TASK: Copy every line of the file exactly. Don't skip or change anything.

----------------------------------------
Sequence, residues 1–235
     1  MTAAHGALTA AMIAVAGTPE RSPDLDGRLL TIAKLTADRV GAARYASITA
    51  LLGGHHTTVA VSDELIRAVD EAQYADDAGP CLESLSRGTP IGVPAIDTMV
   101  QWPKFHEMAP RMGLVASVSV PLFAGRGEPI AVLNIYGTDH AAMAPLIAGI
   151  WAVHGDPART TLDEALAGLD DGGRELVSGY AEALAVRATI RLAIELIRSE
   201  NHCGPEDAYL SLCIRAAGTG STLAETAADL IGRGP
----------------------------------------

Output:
Sequence, residues 1–235
     1  MTAAHGALTA AMIAVAGTPE RSPDLDGRLL TIAKLTADRV GAARYASITA
    51  LLGGHHTTVA VSDELIRAVD EAQYADDAGP CLESLSRGTP IGVPAIDTMV
   101  QWPKFHEMAP RMGLVASVSV PLFAGRGEPI AVLNIYGTDH AAMAPLIAGI
   151  WAVHGDPART TLDEALAGLD DGGRELVSGY AEALAVRATI RLAIELIRSE
   201  NHCGPEDAYL SLCIRAAGTG STLAETAADL IGRGP